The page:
In response to a civil rights complaint we filed, EPA launched an investigation into the discriminatory impact of industrial hog operations in North Carolina. In summer 2021, over the opposition of community-based organizations, the conservation community, and SELC, the North Carolina legislature passed an industry-serving law requiring DEQ to develop a one-size-fits-all permit for hog operations that produce biogas. Despite robust public engagement led by SELC, the agency again failed to require hog operations to adopt cleaner technology, protect against leaks and spills, and enact rigorous monitoring requirements for all hog operations that produce biogas. SELC has challenged the biogas general permit on behalf of Environmental Justice Community Action Network and Cape Fear River Watch in state administrative court.  

Decarbonizing North Carolina’s economy

To achieve Gov. Cooper’s carbon reduction goals, North Carolina regulators approved SELC’s petition to adopt a declining cap on power plant emissions and join Virginia and 10 other states in the Regional Greenhouse Gas Initiative, a cost-effective way to drive down fossil fuel power generation. With recent legislation giving authority to the utility commission to enact a similar carbon-reduction program, we are advocating for RGGI to be part of the solution. In response to a proposed plan filed by Duke Energy earlier this year, SELC and partners filed their own proposal to reach the legislative mandate of 70% emissions reductions by 2030, and carbon neutrality by 2050. The proposal reaches the carbon mandates on time and does so in a more cost-effective manner than Duke Energy’s plan, and we hope commissioners will adopt a strategy that captures the full potential of carbon reduction and energy efficiency.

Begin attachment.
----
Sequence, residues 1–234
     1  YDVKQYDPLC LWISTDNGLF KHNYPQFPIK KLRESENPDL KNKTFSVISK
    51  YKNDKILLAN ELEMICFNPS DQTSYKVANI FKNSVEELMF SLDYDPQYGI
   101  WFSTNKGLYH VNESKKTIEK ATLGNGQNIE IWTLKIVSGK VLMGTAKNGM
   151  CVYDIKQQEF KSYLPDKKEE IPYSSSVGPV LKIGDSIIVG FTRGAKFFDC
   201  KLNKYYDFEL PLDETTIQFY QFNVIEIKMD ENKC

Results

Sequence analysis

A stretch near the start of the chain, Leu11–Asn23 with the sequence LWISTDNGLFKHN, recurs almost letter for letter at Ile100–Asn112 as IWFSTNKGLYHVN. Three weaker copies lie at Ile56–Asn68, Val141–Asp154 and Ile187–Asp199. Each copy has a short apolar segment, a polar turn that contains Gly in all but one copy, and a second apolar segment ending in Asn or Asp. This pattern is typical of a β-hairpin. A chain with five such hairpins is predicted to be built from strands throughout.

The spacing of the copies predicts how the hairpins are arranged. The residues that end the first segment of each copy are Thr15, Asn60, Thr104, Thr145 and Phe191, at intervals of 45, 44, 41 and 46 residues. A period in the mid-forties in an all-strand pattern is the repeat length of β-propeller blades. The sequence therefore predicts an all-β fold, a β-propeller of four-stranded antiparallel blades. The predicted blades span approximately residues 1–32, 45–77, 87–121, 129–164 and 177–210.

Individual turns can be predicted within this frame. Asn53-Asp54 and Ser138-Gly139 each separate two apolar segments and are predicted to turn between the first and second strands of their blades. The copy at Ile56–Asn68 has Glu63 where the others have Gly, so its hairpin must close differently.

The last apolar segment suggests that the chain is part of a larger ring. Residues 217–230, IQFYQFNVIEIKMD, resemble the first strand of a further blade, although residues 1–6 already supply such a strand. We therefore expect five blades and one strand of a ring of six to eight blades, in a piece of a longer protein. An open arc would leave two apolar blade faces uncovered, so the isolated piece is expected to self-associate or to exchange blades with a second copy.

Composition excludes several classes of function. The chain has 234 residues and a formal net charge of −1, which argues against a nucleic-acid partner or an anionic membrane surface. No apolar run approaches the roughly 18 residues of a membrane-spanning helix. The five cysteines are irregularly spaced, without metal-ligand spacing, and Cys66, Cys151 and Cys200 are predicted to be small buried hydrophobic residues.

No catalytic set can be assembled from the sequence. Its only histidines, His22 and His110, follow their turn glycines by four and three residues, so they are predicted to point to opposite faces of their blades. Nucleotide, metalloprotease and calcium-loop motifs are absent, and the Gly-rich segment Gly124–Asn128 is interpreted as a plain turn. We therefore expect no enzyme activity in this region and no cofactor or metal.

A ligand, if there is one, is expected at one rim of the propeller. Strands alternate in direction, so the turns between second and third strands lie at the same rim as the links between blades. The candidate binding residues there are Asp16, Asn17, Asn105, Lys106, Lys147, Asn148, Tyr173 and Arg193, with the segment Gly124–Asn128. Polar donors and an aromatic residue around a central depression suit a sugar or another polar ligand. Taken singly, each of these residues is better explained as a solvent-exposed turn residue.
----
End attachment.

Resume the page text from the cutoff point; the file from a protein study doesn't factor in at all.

Solutions start in North Carolina.

At SELC, we’re driven to go above and beyond in our work to protect the air, the water, and the special places of the Southeast.

Burning forests is not a climate change solution

SELC is raising awareness that European biomass policies—enacted to address climate change—are actually making the problem worse. Cutting trees in the Southern U.S. to fuel power plants overseas increases carbon in the atmosphere for up to a century. Recently, we filed a federal lawsuit challenging a British-owned pellet company’s violations in Lumberton. Thanks to SELC advocacy, the company decided against opening the facility—a win for Lumberton, but we will keep a close watch on plans for other wood pellet facilities. Overseas, our Cut Carbon Not Forests campaign is pushing to reform British policies propping up the industry, and we are warning politicians in D.C. against taking up support of biomass.